The Deer Isle Jazz Festival has been breaking new boundaries and enriching the state's cultural life since its inception in 2001. The debut event drew fans from throughout the New England region to hear, among others, the legendary saxophonist Dewey Redman. Since then, the 250-seat former vaudeville house with its charmed acoustics has played host to artist including Brazilian singer Luciana Souza; pianist Jason Moran; standard-bearing vocalist Andy Bey; free-jazz hero bassist William Parker; Latin jazz innovator Arturo O'Farrill; and legendary pianist Randy Weston, among others. "Stonington is a perfectly natural setting for jazz," Alicia Anstead wrote in the Bangor Daily News. "Far out on the town dock, the music coming from the Opera House slipped and slid through the air."

Donald Harrison is one of the most confident and convincing improvisers in jazz today. CBS Sunday Morning recently called Harrison, "one of the most important musicians of the new millennium," and the Chicago Tribune hailed him as "... one of the more innovative bandleaders New Orleans has produced in the past 20 years." Harrison began his career with the legendary Art Blakey, co-led a band with trumpeter Terence Blanchard, and has appeared during the last 20 years with luminaries of the jazz and cultural worlds such as Lena Horne, Spike Lee, and Latin-jazz giant Eddie Palmieri; as well as with hip-hop artists, Jazzmatazz, The Notorious BIG, and Digable Planets. The boundary leaping New Orleans alto saxophonist's distinctive broad-toned sound is immediately recognizable as his own, regardless of the context. Harrison is the originator of the Nouveau Swing style, which merges acoustic swing with modern R&B, second-line, hip-hop, New Orleans African American roots culture, and reggae rhythms. His groundbreaking recording, "Indian Blues" captured the essence of Mardi Gras Indian culture within a jazz context. His latest recording, "The New Sounds of Mardi Gras," updates New Orleans music, putting the sounds of Mardi Gras Indian music into Hip-hop, R&B, and Funk.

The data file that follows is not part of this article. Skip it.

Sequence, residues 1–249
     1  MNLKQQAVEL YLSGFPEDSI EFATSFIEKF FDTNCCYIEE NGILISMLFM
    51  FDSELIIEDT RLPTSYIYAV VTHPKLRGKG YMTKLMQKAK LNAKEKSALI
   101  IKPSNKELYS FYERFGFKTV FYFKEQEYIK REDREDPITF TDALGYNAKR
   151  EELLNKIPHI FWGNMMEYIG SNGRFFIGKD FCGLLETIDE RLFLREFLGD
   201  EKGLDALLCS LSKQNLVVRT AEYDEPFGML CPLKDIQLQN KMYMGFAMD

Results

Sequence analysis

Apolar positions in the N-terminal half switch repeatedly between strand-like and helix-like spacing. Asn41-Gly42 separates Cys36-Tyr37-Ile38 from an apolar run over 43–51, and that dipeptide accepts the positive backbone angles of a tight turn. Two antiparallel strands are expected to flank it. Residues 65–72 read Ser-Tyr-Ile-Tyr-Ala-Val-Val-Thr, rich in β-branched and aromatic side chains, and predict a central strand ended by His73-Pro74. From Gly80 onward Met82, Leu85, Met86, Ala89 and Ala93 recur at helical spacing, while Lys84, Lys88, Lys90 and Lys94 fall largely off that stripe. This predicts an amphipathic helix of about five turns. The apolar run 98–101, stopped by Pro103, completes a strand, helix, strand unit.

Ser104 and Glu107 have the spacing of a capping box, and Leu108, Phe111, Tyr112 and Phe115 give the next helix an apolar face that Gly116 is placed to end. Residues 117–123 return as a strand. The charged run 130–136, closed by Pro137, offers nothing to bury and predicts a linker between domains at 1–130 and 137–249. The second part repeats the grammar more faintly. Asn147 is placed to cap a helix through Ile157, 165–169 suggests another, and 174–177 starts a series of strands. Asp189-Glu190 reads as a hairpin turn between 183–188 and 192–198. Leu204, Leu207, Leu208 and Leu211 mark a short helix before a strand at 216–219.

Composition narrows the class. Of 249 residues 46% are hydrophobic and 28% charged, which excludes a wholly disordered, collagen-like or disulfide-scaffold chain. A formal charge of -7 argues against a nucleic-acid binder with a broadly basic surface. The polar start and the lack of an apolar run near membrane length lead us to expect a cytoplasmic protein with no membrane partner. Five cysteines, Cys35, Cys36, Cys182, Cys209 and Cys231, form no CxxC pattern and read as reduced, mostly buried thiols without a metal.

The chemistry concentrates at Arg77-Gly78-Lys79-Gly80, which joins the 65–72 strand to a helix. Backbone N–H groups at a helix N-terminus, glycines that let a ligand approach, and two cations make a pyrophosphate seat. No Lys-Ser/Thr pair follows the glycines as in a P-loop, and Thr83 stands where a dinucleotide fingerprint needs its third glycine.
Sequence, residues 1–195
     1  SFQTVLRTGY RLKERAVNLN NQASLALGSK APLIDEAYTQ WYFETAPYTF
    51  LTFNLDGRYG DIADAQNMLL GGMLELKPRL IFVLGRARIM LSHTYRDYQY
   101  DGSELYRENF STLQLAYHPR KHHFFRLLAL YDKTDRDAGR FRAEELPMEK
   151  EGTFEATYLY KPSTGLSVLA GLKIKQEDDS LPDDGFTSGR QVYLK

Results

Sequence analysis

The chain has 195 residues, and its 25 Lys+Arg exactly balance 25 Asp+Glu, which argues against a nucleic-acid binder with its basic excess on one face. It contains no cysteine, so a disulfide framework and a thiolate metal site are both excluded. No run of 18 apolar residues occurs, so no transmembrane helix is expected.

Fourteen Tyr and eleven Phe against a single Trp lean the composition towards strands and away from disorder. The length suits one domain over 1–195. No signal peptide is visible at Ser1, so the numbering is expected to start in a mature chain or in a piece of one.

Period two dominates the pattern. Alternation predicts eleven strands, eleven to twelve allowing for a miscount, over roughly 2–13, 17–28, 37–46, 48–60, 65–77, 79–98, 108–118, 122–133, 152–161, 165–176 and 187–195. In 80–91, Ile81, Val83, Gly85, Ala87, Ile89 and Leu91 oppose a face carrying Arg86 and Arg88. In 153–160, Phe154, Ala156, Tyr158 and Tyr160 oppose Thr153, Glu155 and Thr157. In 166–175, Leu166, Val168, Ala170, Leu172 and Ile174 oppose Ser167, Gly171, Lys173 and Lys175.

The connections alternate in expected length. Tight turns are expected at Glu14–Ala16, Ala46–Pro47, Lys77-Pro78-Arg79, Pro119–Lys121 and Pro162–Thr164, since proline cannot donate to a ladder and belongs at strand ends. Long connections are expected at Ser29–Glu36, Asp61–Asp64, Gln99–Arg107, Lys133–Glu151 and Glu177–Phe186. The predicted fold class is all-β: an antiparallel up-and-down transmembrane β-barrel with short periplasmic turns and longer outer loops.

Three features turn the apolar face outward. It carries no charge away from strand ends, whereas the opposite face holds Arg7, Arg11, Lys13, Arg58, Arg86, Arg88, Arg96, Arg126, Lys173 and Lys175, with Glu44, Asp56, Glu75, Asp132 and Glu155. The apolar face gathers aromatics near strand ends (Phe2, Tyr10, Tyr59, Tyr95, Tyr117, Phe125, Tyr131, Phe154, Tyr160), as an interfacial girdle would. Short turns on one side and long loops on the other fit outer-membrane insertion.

As Big Chief of the Congo Nation and son of Big Chief Donald Sr., Harrison also perpetuates Mardi Gras Indian culture. He is famous for the beaded and feathered suits he creates, part of the New Orleans Mardi Gras Indian tradition of "masking." These rituals, which date to at least the mid-1800s, are an African-American homage to the Native Americans who once sheltered runaway slaves; and to the spirit of resistance. Harrison is also working hard, as an educator and leader, to help New Orleans rebuild. "I'm going to continue to mask in beads and feathers," Harrison told Larry Blumenfeld in an interview. "I'm going to play my saxophone. If enough people do their part, everything will endure. But that's the question: Will people be allowed to do their part?" At the Stonington Opera House, Harrison's quartet will include pianist Victor Gould; bassist Max Moran; and drummer Joseph Dyson.

On Saturday night, July 26, New Orleans' Own Hot 8 Brass Band will take to the Opera House stage, before taking to Stonington's Main Street in a second-line parade Sunday, July 27. The Hot 8 Brass Band has epitomized New Orleans' street music for over a decade.   The band plays the traditional Second Line parades, hosted each Sunday afternoon by Social Aid and Pleasure Clubs, infusing their performances with the funk and energy that makes New Orleans music loved around the world.   The members of the Hot 8 Brass Band were born and raised in New Orleans and many began playing together in high school. The group has toured in Japan, Italy, France, Spain, Finland, England and Sardinia. The Band performs annually at the New Orleans Jazz & Heritage Festival, world and jazz festivals across the US and Europe, and were featured in the Spike Lee documentary "When the Levees Broke." The Hot 8 has released three critically acclaimed recordings and is featured on the latest Blind Boys of Alabama recording on Time-Life Records.